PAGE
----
The Two Types of Pain

I have a theory about training pain. I'm not talking about the pain of getting injured, but the normal discomfort experienced when lifting weights. There are several types of it, and everyone has a different tolerance level for each type. Here are two examples:

Burning Pain

Leg Extension

This is that acid-fire pain you feel when you do a quad exercise for moderate to high reps, then add some partials to the end of the set when you can't do another full rep. Colorful language is often heard when burning pain kicks in.

Load Pain

Deadlift

This is that unique type of discomfort felt when you do 1-3 reps of a very heavy weight. It's a grinding, straining pain that makes your head feel like it's going to pop off, roll under a nearby treadmill, stop the belt, and send some poor fella flying off.

For many experienced lifters, burning pain is much harder to tolerate than load pain. The latter hurts, but it's over with in just a few reps. But burning pain? That only comes around when a set is extended over 40 seconds or so. It accumulates and sizzles. It also builds buckets of muscle.

According to my theory (peer-reviewed and published in the March issue of "The Journal of Random Shit Chris Thinks About") many guys who only use big weights for low reps aren't really as strength-focused as they say. No, they just really hate the burning pain of hypertrophy-range reps and lifting tempos.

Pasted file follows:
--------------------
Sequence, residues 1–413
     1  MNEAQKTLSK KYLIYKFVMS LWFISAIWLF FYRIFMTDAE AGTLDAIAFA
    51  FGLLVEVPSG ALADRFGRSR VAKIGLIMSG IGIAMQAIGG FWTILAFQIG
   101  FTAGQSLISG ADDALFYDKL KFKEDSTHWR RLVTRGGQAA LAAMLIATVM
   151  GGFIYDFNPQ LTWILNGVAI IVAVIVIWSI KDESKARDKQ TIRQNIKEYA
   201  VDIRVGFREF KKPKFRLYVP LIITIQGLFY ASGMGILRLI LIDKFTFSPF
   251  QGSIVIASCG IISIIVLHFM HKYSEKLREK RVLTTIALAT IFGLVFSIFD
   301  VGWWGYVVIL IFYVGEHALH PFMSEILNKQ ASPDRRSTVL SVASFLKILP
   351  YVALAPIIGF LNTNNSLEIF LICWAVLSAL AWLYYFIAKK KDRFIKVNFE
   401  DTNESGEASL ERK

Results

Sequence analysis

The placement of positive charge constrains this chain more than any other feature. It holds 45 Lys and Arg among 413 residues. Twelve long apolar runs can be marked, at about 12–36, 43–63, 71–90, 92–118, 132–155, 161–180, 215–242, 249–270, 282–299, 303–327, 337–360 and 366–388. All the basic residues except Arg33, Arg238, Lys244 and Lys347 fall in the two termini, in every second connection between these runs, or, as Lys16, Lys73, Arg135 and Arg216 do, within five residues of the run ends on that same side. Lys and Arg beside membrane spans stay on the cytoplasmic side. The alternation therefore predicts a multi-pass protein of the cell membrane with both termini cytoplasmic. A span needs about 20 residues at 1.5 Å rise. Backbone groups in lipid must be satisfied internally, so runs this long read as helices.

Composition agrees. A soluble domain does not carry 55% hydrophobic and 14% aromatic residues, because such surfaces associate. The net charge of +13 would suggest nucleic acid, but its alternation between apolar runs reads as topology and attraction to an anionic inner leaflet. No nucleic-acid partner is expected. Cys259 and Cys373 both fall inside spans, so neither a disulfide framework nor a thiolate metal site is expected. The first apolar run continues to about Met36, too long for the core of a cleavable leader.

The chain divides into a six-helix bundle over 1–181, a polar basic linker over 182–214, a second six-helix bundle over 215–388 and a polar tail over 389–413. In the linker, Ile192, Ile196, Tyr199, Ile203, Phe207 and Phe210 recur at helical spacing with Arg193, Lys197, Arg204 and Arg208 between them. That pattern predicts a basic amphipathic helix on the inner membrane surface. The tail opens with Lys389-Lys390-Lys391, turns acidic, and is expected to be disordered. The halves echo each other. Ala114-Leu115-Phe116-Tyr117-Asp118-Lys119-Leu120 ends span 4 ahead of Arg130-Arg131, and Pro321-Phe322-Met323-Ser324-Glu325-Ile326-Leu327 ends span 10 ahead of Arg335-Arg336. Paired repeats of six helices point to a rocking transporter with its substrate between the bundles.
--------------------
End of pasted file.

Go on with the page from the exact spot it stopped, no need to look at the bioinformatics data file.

But if you always avoid this type of pain, that means you're also avoiding several important muscle-building mechanisms, like time under tension (TUT).

Yes, Feel the Burn

The challenge for you is to make every set last for 60-90 seconds, from leg presses to push-ups to your favorite delt exercise. Try it for a week with every major muscle group.

Now, you may be thinking, "Heck, I already do that." But do you really?

I tried this recently and discovered that my average set for biceps work was 15-20 seconds short of the one-minute mark. When I lightened the weight a bit and slowed down the eccentric tempo (the negative), the burn and pump was much more intense... and that one minute felt like three minutes of torture. Colorful language ensued.

Remember, all sorts of muscle-building magic happens after about a minute of TUT, assuming you're using adequate weight: not light weight, but not too heavy either. So set a timer, choose the right load, slow down your tempo a little, add some partials if needed, and see what 60-90 seconds feels like.

Hint: It feels like bodybuilding.

Related:  The 7 Day Workout Challenge

Related:  10 Reasons Bodybuilders Are Bigger Than Powerlifters